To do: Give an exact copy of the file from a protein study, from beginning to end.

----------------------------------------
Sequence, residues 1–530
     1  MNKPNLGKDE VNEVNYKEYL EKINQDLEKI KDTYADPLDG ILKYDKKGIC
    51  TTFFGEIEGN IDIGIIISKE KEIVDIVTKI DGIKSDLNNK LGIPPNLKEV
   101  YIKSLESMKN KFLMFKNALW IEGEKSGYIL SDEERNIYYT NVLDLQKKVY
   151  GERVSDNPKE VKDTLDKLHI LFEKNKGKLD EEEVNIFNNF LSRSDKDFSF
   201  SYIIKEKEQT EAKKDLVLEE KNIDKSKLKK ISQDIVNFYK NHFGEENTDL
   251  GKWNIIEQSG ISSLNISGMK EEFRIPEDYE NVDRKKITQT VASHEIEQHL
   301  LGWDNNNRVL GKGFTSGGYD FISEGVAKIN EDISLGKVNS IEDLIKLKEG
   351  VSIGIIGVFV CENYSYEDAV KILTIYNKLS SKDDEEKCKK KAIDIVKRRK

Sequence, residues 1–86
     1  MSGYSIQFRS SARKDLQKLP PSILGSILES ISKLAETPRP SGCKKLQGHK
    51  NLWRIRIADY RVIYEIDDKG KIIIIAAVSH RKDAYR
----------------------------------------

Sequence, residues 1–530
     1  MNKPNLGKDE VNEVNYKEYL EKINQDLEKI KDTYADPLDG ILKYDKKGIC
    51  TTFFGEIEGN IDIGIIISKE KEIVDIVTKI DGIKSDLNNK LGIPPNLKEV
   101  YIKSLESMKN KFLMFKNALW IEGEKSGYIL SDEERNIYYT NVLDLQKKVY
   151  GERVSDNPKE VKDTLDKLHI LFEKNKGKLD EEEVNIFNNF LSRSDKDFSF
   201  SYIIKEKEQT EAKKDLVLEE KNIDKSKLKK ISQDIVNFYK NHFGEENTDL
   251  GKWNIIEQSG ISSLNISGMK EEFRIPEDYE NVDRKKITQT VASHEIEQHL
   301  LGWDNNNRVL GKGFTSGGYD FISEGVAKIN EDISLGKVNS IEDLIKLKEG
   351  VSIGIIGVFV CENYSYEDAV KILTIYNKLS SKDDEEKCKK KAIDIVKRRK

Sequence, residues 1–86
     1  MSGYSIQFRS SARKDLQKLP PSILGSILES ISKLAETPRP SGCKKLQGHK
    51  NLWRIRIADY RVIYEIDDKG KIIIIAAVSH RKDAYR